HSS Doctors Available to Comment on COX-2 Inhibitors and NSAIDs

What do the Vioxx® withdrawal and possible Celebrex® and Aleve® heart attack risks mean for adults and children suffering from orthopedic and rheumatic conditions, sports injuries or who have had joint replacement surgery?

New York, NY—December 22, 2004 

The latest news about a National Cancer Institute study finding an increased risk of heart attacks among patients taking Celebrex®, which follows Merck's voluntary withdrawal of Vioxx®, is causing concern among patients afflicted by a variety of orthopedic and rheumatic conditions who take Cox-2 inhibitors.  Another study released on Dec. 20 suggested possible heart attack risk from Aleve®.  Whether patients are recovering from joint replacement surgery or sports injuries, or suffering from arthritis, osteoarthritis or lupus, they are looking to their healthcare practitioners to help them put this data into perspective and help them make the right treatment decisions.

The following Hospital for Special Surgery doctors are available to comment on COX-2 inhibitors and non-steroidal anti-inflammatory agents and how recent data can be put into context for patients:

Theodore R. Fields, MD, FACP
Associate Attending Physician
Available to discuss: Medication alternatives to COX-2 inhibitors, non-medication approaches to arthritis, the COX-2 selective vs non-selective anti-inflammatory agents

Joseph A. Markenson, MD
Attending Physician
Available to discuss: Current drug studies involving patients with rheumatic disease (rheumatoid arthritis, osteoarthritis, and lupus), medication alternatives to COX-2s, reasons for withdrawal of Vioxx®, non-medication approaches to arthritis, the COX-2 selective vs non-selective anti-inflammatory agents

Thomas J.A. Lehman, MD
Chief, Division of Pediatric Rheumatology
Available to discuss: Implications for children with Juvenile Rheumatoid Arthritis
Lehman, author of It's Not Just Growing Pains, published by Oxford University Press, devotes a section of the book to the various medications available to children with rheumatic diseases and the reasons for taking medications even if they pose potential risks to children.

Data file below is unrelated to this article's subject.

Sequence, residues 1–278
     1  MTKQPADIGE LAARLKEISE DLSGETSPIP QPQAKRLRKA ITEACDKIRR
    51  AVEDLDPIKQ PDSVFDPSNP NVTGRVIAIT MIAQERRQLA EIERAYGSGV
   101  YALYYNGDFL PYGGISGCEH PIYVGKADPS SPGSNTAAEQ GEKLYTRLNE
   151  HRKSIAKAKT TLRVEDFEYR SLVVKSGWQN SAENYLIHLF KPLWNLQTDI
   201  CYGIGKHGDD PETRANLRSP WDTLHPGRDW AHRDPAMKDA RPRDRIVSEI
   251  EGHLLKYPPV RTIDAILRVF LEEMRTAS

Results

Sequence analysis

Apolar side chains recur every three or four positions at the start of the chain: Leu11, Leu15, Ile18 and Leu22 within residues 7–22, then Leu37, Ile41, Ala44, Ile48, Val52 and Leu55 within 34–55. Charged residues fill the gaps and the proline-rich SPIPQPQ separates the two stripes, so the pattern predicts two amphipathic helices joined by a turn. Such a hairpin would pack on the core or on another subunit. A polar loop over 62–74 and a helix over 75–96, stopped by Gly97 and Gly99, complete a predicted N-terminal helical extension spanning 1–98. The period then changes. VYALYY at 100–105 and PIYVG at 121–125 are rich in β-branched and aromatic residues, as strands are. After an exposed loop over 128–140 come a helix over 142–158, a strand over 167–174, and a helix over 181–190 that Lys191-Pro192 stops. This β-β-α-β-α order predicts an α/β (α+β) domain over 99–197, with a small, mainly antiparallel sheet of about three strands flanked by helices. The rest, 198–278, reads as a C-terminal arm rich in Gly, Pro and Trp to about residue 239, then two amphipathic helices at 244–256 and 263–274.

Scott A. Rodeo, MD
Clinician-scientist, Department of Orthopedic Surgery (Sports Medicine and Shoulder Service) and the Research Department (Laboratory for Soft Tissue Research) and Associate team physician for New York Giants
Available to discuss:  Implications for athletes and sports injuries

Michael D. Lockshin, MD
Attending Rheumatologist
Director, Barbara Volcker Center for Women and Rheumatic Disease
Available to discuss: Alternatives for patients suffering from rheumatic diseases

Seth A. Waldman, MD
Assistant Attending Anesthesiologist
Director, Division of Pain Medicine
Available to discuss: The use of NSAIDs in a comprehensive pain medication regimen, and how this has changed with the new recalls

About Hospital for Special Surgery
Founded in 1863, Hospital for Special Surgery (HSS) is a world leader in orthopedics, rheumatology and rehabilitation. HSS is nationally ranked No. 1 in orthopedics, No. 3 in rheumatology by U.S. News & World Report (2007), and has received Magnet Recognition for Excellence in Nursing Service from the American Nurses Credentialing Center. In the 2006 edition of HealthGrades' Hospital Quality in America Study, HSS received five-star ratings for clinical excellence in its specialties. A member of the NewYork-Presbyterian Healthcare System and an affiliate of Weill Medical College of Cornell University, HSS provides orthopedic and rheumatologic patient care at NewYork-Presbyterian Hospital at New York Weill Cornell Medical Center. All Hospital for Special Surgery medical staff are on the faculty of Weill Medical College of Cornell University. The hospital's research division is internationally recognized as a leader in the investigation of musculoskeletal and autoimmune diseases. Hospital for Special Surgery is located in New York City and online at www.hss.edu.

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